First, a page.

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The historical anthropology of thought

Jean-Pierre Vernant and intellectual innovation in ancient Greece

S. C. Humphreys

This article illustrates the need for a historical anthropology of the longue durée, dealing with pre-modern societies, by analyzing the work of Jean-Pierre Vernant on the development of thought in ancient Greece. Vernant's anthropologies began with Marx and the historical psychologist Ignace Meyerson; he was influenced by the Durkheimian Louis Gernet and later by Lévi-Strauss. His early interest in relating Greek rationality to social organization led him increasingly into work on Greek religion and tragedy. This article builds on his work by studying the social contexts of communication that facilitated the proposal and elaboration of unconventional ideas.

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Andrey Vozyanov

Crises in urban electric transport infrastructure of Eastern and Southeastern Europe present not only a fruitful subject for historical, ethnographic, and sociological inquiry, but also contribute to two intersecting knowledge fields. First, to the multidisciplinary constellation of studies dedicated to failures of sociotechnical systems that I will refer to as disaster and crisis studies. And second, to social studies of urban transit in the former Socialist Bloc, a subfield within broader mobility and transport studies. In this text I will review the state of both these fields and then proceed to conceptualize the intersections between them, proposing historical anthropology as an integration tool. In the process I will occasionally refer to my fieldwork in Donbas, Ukraine, from 2011 to 2013, and eastern Romania since 2015.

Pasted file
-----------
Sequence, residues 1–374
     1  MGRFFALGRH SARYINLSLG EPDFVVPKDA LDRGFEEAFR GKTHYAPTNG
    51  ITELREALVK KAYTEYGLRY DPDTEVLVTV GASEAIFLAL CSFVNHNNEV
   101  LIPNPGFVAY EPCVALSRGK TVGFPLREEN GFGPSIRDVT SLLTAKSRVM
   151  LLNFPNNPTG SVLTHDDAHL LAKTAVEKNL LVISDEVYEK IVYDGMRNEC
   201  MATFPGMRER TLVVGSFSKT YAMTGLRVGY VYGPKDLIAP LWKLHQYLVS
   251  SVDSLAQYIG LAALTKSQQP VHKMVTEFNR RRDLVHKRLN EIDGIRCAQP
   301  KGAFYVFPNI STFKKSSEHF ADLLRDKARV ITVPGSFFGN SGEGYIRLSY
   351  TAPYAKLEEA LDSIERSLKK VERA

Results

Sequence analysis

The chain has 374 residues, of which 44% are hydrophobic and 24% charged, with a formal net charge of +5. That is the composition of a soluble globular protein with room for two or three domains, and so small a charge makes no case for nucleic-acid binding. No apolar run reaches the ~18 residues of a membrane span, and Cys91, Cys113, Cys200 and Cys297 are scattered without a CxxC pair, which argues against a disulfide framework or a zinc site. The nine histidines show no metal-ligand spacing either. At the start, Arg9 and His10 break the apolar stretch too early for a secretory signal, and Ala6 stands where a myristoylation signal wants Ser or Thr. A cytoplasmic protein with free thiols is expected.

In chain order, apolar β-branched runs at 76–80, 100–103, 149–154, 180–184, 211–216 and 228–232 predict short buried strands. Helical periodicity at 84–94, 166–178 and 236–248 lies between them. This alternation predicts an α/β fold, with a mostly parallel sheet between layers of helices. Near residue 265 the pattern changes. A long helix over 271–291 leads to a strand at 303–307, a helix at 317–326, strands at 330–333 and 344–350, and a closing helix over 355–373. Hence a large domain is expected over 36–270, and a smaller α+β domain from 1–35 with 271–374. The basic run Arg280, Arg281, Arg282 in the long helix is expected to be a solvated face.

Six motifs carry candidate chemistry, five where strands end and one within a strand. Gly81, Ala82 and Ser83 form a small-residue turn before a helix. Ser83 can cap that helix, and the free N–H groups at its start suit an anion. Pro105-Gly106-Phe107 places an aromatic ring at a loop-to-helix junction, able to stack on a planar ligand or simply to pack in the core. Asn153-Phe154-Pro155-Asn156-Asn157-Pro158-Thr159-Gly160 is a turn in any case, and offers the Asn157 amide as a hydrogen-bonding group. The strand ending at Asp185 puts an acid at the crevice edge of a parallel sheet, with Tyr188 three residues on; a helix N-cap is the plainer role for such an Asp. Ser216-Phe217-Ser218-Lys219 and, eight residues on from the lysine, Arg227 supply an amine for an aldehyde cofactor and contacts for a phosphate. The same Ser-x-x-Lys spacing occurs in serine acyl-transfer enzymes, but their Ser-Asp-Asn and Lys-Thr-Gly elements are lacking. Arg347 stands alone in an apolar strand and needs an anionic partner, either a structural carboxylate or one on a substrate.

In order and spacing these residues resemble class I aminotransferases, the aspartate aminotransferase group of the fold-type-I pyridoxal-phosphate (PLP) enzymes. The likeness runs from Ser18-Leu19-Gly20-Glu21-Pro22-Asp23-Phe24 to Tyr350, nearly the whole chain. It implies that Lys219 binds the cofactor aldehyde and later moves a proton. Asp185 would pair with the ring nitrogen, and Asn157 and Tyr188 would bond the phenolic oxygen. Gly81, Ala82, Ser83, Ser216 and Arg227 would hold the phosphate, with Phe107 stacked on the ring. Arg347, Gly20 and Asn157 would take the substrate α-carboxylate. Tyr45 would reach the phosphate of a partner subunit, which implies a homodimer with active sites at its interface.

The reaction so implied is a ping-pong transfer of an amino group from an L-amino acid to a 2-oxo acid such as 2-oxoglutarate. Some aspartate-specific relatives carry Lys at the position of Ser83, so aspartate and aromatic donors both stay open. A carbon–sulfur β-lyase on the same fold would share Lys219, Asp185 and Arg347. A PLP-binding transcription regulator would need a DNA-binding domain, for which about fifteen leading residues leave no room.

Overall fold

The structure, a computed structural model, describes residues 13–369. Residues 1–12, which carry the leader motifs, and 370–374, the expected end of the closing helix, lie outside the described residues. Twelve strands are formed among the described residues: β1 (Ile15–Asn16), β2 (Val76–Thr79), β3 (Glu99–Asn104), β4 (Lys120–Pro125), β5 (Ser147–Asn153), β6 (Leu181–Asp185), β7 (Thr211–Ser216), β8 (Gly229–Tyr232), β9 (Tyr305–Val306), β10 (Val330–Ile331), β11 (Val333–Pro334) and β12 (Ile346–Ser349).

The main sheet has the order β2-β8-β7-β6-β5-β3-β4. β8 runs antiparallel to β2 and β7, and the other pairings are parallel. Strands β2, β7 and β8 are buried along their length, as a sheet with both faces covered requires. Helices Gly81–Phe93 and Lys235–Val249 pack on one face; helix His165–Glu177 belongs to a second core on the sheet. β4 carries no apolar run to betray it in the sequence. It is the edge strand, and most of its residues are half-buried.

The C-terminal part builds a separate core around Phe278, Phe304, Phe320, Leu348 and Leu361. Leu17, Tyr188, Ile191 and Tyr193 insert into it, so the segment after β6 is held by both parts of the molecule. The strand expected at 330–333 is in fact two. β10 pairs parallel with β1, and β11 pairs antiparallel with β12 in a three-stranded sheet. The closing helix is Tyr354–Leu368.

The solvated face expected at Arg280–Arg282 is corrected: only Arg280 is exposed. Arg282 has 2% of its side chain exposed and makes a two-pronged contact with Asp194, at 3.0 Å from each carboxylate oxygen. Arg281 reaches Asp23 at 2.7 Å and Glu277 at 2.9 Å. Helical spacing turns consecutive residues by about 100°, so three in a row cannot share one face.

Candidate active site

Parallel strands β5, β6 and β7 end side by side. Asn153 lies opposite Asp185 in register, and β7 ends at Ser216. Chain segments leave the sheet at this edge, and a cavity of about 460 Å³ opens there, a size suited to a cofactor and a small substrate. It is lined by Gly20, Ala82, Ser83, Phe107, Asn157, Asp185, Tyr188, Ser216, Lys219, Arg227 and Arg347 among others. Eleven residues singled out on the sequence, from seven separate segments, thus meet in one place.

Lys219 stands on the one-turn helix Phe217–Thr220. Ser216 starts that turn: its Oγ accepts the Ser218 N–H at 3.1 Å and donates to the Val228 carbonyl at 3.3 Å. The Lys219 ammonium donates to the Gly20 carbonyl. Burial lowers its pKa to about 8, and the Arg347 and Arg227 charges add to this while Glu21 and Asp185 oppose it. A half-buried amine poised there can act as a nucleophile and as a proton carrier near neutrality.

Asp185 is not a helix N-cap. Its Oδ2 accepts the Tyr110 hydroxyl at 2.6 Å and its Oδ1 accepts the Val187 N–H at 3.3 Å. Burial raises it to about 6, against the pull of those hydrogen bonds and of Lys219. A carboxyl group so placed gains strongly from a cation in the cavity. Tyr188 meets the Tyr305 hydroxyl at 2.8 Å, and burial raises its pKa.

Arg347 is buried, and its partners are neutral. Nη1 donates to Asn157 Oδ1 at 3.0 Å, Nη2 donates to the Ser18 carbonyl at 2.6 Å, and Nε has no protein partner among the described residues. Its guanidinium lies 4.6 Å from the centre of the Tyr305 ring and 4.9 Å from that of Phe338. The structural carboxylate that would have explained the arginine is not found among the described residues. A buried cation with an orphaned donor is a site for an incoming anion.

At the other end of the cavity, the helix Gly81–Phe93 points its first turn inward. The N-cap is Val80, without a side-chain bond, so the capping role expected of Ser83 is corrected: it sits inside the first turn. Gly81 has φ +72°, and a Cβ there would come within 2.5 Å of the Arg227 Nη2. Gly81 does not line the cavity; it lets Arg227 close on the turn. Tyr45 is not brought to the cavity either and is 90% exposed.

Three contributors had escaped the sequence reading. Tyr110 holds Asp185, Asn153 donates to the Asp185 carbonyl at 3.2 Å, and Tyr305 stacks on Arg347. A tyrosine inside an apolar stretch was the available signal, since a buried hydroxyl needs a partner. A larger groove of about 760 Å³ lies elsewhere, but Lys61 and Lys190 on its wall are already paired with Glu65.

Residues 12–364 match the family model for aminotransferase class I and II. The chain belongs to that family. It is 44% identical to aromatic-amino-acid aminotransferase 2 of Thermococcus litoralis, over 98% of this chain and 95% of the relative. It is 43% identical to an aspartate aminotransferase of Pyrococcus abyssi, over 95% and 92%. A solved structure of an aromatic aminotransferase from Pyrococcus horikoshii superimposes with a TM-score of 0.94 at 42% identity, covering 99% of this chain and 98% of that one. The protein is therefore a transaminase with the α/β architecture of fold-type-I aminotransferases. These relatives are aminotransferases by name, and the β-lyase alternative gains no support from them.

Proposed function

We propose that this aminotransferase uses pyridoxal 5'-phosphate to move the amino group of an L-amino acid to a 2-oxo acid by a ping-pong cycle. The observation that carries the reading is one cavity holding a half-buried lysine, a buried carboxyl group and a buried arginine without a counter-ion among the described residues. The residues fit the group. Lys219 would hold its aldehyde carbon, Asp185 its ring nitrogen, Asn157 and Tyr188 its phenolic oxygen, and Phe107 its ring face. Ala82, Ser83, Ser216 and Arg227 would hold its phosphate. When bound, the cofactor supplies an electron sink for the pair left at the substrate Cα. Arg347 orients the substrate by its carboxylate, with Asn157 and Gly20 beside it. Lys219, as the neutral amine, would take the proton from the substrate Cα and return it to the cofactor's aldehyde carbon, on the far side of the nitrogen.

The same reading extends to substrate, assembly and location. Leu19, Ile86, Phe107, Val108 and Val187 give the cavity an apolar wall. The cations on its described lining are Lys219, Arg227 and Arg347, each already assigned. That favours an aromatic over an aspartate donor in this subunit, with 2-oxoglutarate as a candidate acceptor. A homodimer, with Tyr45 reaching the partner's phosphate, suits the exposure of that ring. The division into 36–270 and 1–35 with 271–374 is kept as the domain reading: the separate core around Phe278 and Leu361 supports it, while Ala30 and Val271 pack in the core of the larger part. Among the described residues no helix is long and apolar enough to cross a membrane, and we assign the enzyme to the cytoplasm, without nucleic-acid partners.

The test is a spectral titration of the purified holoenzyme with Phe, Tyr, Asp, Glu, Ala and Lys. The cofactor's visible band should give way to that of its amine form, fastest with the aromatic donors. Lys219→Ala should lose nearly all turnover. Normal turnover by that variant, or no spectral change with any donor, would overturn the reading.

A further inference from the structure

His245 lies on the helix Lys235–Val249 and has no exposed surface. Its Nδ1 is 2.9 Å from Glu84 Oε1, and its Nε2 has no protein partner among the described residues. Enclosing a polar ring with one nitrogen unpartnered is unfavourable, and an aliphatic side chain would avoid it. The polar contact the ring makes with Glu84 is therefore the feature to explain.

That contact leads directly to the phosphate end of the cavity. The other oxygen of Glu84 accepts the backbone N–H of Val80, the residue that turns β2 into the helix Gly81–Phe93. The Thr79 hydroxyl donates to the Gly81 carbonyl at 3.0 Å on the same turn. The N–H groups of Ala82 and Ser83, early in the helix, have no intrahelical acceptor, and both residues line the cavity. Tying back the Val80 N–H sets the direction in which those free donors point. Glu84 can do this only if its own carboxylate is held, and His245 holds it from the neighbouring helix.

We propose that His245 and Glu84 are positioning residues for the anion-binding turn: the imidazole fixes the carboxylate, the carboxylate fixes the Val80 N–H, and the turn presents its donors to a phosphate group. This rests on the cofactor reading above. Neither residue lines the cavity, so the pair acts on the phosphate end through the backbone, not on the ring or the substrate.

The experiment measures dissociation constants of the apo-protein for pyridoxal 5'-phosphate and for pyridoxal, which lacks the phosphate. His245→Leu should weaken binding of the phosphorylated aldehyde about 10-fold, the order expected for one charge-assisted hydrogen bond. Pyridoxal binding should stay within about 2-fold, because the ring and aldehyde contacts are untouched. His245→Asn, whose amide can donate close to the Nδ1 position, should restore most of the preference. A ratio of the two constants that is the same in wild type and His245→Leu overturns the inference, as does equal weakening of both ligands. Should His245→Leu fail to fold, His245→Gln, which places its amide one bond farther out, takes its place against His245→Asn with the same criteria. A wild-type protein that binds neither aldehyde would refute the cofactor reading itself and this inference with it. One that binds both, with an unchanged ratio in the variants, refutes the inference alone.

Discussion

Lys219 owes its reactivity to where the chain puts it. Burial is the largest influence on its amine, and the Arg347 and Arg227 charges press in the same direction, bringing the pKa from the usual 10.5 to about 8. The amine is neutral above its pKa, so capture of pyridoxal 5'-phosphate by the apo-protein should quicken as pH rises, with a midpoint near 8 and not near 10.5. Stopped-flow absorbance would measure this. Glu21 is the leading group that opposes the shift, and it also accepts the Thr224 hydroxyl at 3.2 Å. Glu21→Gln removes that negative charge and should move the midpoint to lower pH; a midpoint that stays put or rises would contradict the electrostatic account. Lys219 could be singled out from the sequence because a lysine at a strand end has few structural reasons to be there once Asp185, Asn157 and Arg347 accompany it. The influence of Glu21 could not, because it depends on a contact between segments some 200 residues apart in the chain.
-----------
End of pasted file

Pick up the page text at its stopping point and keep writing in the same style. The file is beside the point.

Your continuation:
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Undesirable Pen Pals, Unthinkable Houseguests

Representations of Franco-German Friendships in a Post-Liberation Trial Dossier and Suite Française

Sandra Ott

This article explores representations of Franco-German friendship through two complementary lenses: through the post-liberation trial dossier of a female collaborationist in southwestern France, and through Dolce, the second part of Irène Némirovsky's compelling novel, Suite Française. The primary aim is to illuminate and contrast the roles that historical and fictional narratives play in our interpretations and understanding of Franco-German relations in occupied France. The article also assesses the ethnographic value of the novelist's notes that accompanied the unfinished manuscript of Suite Française. Located at the intersections of history, ethnography, and literature, the article examines the ways in which the methods of the historian and the ethnographer, on the one hand, and the novelist, on the other, overlap and differ.